Even before chemical weapons were used, there was a refugee crisis. Why won't the president act?
In all likelihood, the White House's confirmation on Thursday that chemical weapons have been used in Syria will soon confirm something else: Not all “red lines” are drawn the same. READ MORE >>
Why Asma Al Assad is the perfect dictator’s wife for the twenty-first century
When choosing a spouse, a dictator must take care. Eva Perón proved a great asset; Eva Braun, less so. Madame Chiang Kai-Shek, educated at Wellesley, got grown men to weep when she spoke before a joint session of Congress in 1943 (good), but behind the scenes she was notably high-maintenance, insisting, for example, on silk sheets that had to be changed daily, or twice daily, if she had an afternoon nap (bad). Imelda Marcos started strong (good singer) and went downhill. READ MORE >>
With budget cuts looming, the Pentagon should focus on adaptability—not just technolgy
A debate is raging these days over the future of American national security strategy, and the size and shape of the military force needed to implement it. Nearly everyone agrees that the United States needs a less expensive approach and a smaller military. But what should be cut—and by how much? READ MORE >>
Is peace possible?
Will Afghanistan, which has been at war since 1978—thirty-four years, or a period longer than the two world wars and the intervening years combined—finally see a minimal kind of peace before American forces leave next year? Can the United States focus enough diplomatic energy to help generate a cease-fire and a political deal between Kabul, Islamabad, and the Taliban? READ MORE >>
North Korea, in advance of a unanimous United Nations Security Council vote to sanction the country for last month's underground nuclear weapons test, today threatened to pre-emptively nuke Washington. Pyongyang has long been known for its provocations, but this one is scary enough to warrant asking: Could they pull it off? READ MORE >>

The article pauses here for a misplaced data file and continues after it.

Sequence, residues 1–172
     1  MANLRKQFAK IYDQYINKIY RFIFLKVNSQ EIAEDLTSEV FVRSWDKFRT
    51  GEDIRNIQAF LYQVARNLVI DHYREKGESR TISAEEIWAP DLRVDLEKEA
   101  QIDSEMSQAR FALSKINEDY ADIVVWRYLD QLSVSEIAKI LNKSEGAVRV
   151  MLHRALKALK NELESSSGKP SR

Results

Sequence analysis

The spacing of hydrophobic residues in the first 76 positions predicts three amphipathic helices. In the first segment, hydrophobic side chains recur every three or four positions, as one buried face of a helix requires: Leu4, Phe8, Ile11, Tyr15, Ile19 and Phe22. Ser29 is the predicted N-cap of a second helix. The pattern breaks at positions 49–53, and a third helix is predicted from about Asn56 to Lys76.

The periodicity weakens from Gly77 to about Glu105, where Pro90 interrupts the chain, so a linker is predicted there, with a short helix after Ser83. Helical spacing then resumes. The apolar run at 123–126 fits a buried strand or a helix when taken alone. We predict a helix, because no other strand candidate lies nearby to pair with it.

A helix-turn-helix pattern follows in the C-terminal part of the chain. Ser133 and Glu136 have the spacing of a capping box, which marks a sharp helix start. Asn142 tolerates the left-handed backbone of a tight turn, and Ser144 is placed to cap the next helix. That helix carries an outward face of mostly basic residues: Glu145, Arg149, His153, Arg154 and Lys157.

After the fighting, Mali's ethnic tensions continue to fester
GAO, Mali—On the first day that French airstrikes hit Gao in January, locals lynched one of their jihadi occupiers. At the edge of the city, near the airport, a strike on a double-cabbed Toyota pickup full of jihadi fighters left a sole survivor; he stole a donkey cart and made a slow dash for the city center. Danny, a broad-shouldered 25-year-old Songhai, the dark-skinned ethnic majority in Gao, slowly trailed the donkey cart on his motorbike, keeping enough distance to dodge bullets from the fighter’s AK-47 assault rifle and calling out to others to join him. READ MORE >>
The fighting hits Timbuktu, but soccer's still on television.
DJENNE, Mali—The evening French and Malian troops entered the former Islamist stronghold of Timbuktu the men of Djenné, 200 miles to the southwest, gathered under the thatch awnings of mercantiles that flank the dusty square before the Sudanic clay steeples of the 12th-century Grande Mosque. They arranged overturned plastic buckets and rope chairs and wooden benches into impromptu amphitheaters in front of the small television sets they had balanced on cases of water bottles and soda and crackers. READ MORE >>
No Easy Day: The Firsthand Account of the Mission that Killed Osama Bin Laden By Mark Owen, with Kevin Maurer (Dutton Adult, 301 pp., $26.95) I. READ MORE >>
Japan has a new prime minister, Naoto Kan, but he comes from the same party—the Democratic Party of Japan (DPJ)—as Yukio Hatoyama, who resigned last Wednesday. He will almost surely want to continue Hatoyama's policies of strengthening Japan’s political democracy and forging an independent foreign policy that is allied with the United States, but not subordinate to it. READ MORE >>
When President Obama arrives in Tokyo on Friday, he will confront a country that seeks to be an ally of the United States. For Japan has never been an American ally. It was first a rival, then an enemy, and finally, after it lost the war it foolishly started with the U.S., it became a protectorate, not an ally. READ MORE >>